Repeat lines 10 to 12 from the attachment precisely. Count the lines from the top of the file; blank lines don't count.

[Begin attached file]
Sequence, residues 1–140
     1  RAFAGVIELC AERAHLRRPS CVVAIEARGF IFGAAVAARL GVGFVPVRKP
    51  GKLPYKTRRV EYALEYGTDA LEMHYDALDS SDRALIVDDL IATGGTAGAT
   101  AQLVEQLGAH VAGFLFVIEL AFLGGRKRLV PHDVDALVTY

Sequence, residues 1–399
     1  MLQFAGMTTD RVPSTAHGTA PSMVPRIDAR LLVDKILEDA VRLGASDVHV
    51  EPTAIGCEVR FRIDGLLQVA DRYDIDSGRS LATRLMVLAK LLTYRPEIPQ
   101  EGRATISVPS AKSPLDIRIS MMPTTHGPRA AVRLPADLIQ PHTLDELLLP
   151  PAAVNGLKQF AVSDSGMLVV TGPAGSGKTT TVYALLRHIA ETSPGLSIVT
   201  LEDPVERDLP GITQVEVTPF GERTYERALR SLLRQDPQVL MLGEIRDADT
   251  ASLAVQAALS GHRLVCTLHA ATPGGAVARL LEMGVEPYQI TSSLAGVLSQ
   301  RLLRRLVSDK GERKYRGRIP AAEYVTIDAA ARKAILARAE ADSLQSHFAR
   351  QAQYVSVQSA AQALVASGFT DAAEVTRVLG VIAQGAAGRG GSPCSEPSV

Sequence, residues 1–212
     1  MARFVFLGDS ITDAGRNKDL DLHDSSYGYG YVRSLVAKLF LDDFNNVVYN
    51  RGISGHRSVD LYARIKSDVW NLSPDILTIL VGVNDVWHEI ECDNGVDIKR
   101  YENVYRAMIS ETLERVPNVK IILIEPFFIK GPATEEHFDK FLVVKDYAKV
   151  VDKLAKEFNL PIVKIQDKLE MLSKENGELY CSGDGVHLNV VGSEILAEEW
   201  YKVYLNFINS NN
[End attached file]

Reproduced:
   201  LEDPVERDLP GITQVEVTPF GERTYERALR SLLRQDPQVL MLGEIRDADT
   251  ASLAVQAALS GHRLVCTLHA ATPGGAVARL LEMGVEPYQI TSSLAGVLSQ
   301  RLLRRLVSDK GERKYRGRIP AAEYVTIDAA ARKAILARAE ADSLQSHFAR